• First Basenji's

    I have an 8 month old puppy and he won’t stop biting at me and my family. We were thinking it’s just teething and it would be just a faze. However, the biting keeps getting more aggressive and starting to leave bruises too. This behaviour started a 2-3 weeks ago and I’m struggling to find what could be triggering it. The only change I could think of is that we got him neutered 3 weeks ago. My family and I have tried time outs, saying “No/Leave it” and walking into another room, redirecting attention with toys and rewarding with treats when he stops biting. We take him on 30-40 minute walks 2-3 times a day thinking it would burn off any excess energy. We’re at our wits end and any tips or advice is greatly appreciated.


  • Don't allow the biting! If you have been teaching him obedience, ask for an incompatible action when he begins to bite, e.g. sit or down, and if he does not comply and continues with the biting restrain him. Don't let him go until he quits trying. Rinse, repeat. And be careful about rewarding. He may think that biting is the route to a reward, since when he stops he gets reinforced. (called "chaining" when you train this way).


  • @mickey Have you spoken to his breeder? That should be your first contact. Having him neutered would not have anything to do with the biting issue. You are not going to solve the issue in a short period of time, it needs to be ongoing. Agree with eeeefarm about being careful with the treats. You need to also as suggested start working his mind, not just his body. What exactly "starts" the biting?


  • -How often is he sleeping?

    -What are you doing for the biting to start or does he randomly come and bite?

    Should have waiting till he was fully matured and developed before neutering in my opinion


  • @Micah While it is the "new" normal to wait for spay/neuter, I would NOT say this has anything to do with this biting issue... Biting like this is not something that just starts in 2 to 3wks... there are other indications that this is now Escalating, so you need to look at things that have been in the past. Also at his age, he is no longer teething.


  • Rewarding for not biting is NOT how to use rewards.

    If he's being more aggressive with the biting, that would account for it. That, and the fact that he's been rehearsing it, is only going to strengthen the behavior.

    I would recommend ceasing rewards completely, unless you hire a trainer to show you how to properly do what you're attempting.

    I've written a few posts about what to do for biting, but I'll give some brief bullet-points:

    • Don't invade the dog's space
    • Normally, I would recommend handling drills, but I think you should hire a professional.
    • Normally, I would recommend starting to teach the puppy how to lick, but I think you should hire a professional.

    I really think you'll get more out of someone showing you what to do in person, one-on-one, with your own dog, as opposed to trying to interpret written advice on a forum.


  • @mickey I was taught to grab the pups bottom jaw. Thumb under the tongue and curled index finger beneath the lower jaw. Do this when the pup starts biting you. Apply a little downward force on the jaw. They will not like it and should stop biting. If the pup continues to bite apply a little more downward force until they stop.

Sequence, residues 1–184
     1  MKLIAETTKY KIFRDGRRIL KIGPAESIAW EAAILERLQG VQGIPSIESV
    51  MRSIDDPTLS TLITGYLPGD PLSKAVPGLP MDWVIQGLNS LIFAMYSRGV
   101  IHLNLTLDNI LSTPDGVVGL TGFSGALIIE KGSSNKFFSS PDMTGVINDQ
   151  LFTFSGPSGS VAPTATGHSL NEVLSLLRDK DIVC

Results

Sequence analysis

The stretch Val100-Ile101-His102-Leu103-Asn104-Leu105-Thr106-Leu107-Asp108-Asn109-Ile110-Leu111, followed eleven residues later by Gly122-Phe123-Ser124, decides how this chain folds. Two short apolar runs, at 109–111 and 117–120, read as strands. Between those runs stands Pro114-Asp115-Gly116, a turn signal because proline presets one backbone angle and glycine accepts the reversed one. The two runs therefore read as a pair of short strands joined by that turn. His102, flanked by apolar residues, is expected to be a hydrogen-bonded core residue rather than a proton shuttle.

• @JENGOSMonkey said in Puppy Aggressively Biting:

    @mickey I was taught to grab the pups bottom jaw. Thumb under the tongue and curled index finger beneath the lower jaw. Do this when the pup starts biting you. Apply a little downward force on the jaw. They will not like it and should stop biting. If the pup continues to bite apply a little more downward force until they stop.

    This is usually very effective when they're young and first start exhibiting biting issues. This is usually the best way to prevent it from becoming a real problem when they get older.

    However, OP's puppy is 8 months old and has been rehearsing this behavior already. If the dog has a real problem with biting, then the thumb under the tongue may amp the dog up and encourage him to be more fierce.

    Of course this depends on how relentless and tenacious the dog is, and how long they've been rehearsing the behavior and learning to enjoy it, but Basenjis (in general) are known to fit this description. A lot of times the problem dog won't bite your finger in their mouth, but when you take it out, they lunge right back at you.

    This technique is still worth a try though, but if it doesn't work or if the dog keeps biting, then you may want to stop.


  • @Scagnetti said in Puppy Aggressively Biting:

    but if it doesn't work or if the dog keeps biting, then you may want to stop.

    Agree! Nothing worse than rehearsing the wrong behaviour repeatedly. What's that quote about repeating the same thing over and over and expecting different results?

    Sometimes something that isn't intuitive ends up being the solution.


  • Neutering is not going to help - training is. But a good trainer will train YOU to deal with the dog. If a trainer can get him to behave but you can't - there is little to be gained from paying out money. This is something you should never have allowed to happen, but since it has, I think you should deal with it and @JENGOSMonkey has given you a good idea to start you off. Withdrawing treats is a good idea, but also, get up and walk away. He could be biting to get attention and therefore you withdraw the attention at the first sign of a bite, with a firm NO.

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